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The parable of the dishonest manager

The parable of the dishonest manager

If you follow a lot of priests on social media, you overhear them talking with one another about the sermons they are preparing. Last week much of the conversation was about how difficult it is to make sense of the parable of the dishonest steward (yesterday’s gospel). I happened to be up late on Saturday when the Rev. David Sibley, of St. John’s Episcopal Church in the Fort Hamilton section of Brooklyn, tweeted that he had suddenly seen something in the parable that he had missed before, that he finally had something to say, but that it would take him longer than usual to say it.

Here is a link to David’s sermon, which includes a self-critical postscript that you won’t want to miss.

He says, in part:

So what is Jesus saying? Jesus is clearly not commending dishonesty in this parable. In fact, he’s very clear about it: “Whoever is faithful in a very little is faithful also in much; and whoever is dishonest in a very little is dishonest also in much; if then you have not been faithful with the dishonest wealth, who will entrust to you the true riches [of the kingdom of heaven]? And if you have not been faithful with what belongs to another, who will give you what is your own?” So at least that moral lesson is clear: honesty is, in fact essential. So what are we to make of the rest of today’s gospel? What is it about the manager’s action is Jesus commending to us?

What Jesus is teaching us is a lesson about economics. Not in our usual sense of profit and loss statements, gross wealth, and fiscal policy – but about the difference between the economics – the oikonomia – of God’s household and God’s kingdom, and of the economy of dishonest wealth, and of mammon. Wealth is not currency in the kingdom of God; it achieves no ends, it is not brought with us; it will always leave us unfulfilled. And in the household of God, wealth doesn’t have currency. But relationships do. And mercy does. The manager shrewdly – and from the debtor’s perspective, mercifully – dealt away something that was of no value in the kingdom of God – temporal wealth – for something of great value – relationship. And the relationships he forms – yes, even, by less than honest means according to the standards of the world’s economy– those relationships will be the way he has life.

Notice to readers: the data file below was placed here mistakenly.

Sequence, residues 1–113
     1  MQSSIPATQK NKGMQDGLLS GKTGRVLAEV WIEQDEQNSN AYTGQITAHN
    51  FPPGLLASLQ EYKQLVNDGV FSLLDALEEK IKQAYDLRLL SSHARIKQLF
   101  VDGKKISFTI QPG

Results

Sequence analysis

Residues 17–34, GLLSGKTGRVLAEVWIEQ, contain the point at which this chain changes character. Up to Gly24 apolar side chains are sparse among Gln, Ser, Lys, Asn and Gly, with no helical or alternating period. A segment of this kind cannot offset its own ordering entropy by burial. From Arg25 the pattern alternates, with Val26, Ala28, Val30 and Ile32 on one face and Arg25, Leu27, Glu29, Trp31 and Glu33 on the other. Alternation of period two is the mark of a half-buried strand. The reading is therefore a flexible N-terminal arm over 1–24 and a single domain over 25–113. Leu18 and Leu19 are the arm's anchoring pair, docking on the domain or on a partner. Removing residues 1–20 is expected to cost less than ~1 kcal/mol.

He’s changing economies from the economy of wealth, to the economy of God. It’s this jolting turnabout in the parable, where Jesus confounds our mores and expectations, that tells us something about the kingdom of God: that relationship holds currency, and gives us root and security in God’s economy.

What are your thoughts? What sort of sermon did you hear (or preach) yesterday?


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sue sommer

Robert Capon, of blessed memory, had fascinating take on this parable in his book,Parables of Grace. He saw Jesus himself as the dishonest manager, accused of squandering the rich man’s property. This makes some sense if we understand the rich man’s to signify God and the “property” to be Grace. In extending debt forgiveness to his employer’s debtors,Jesus was in a sense playing fast and loose with the “rules” as the Pharisees (as depicted in Luke) understood them. (hence, dishonest.) The parable then becomes another in the series of Lost-Found parables. I was in children’s chapel this past Sunday while my associate preached in the adult service. I talked with the kids about the Lord’s Prayer, and of how the Church has 3 different ways of praying one line: forgive us our sins; forgive us our trespasses; forgive us our debts.

Sue Sommer

Chris Epting

Think I agree with Rudolph Bultmann — “this parable is incomprehensible.”

tobias haller

Actually, I took the opportunity to deconstruct and invert the atonement understood as placating God.

Lionel Deimel

This certainly is a perplexing parable. Perhaps the story just became garbled as it was handed down to us.

Gary Paul Gilbert

I recommend William Herzog’s Parables as Subversie Speech, chapter 13.

Herzog says parables as a genre are not to be read as examples or allegories of the Kingdom of God but rather as conversation- starters about exploitation in everyday life. The dishonest steward learns to navigate an unjust economic system.

Gary Paul Gilbert

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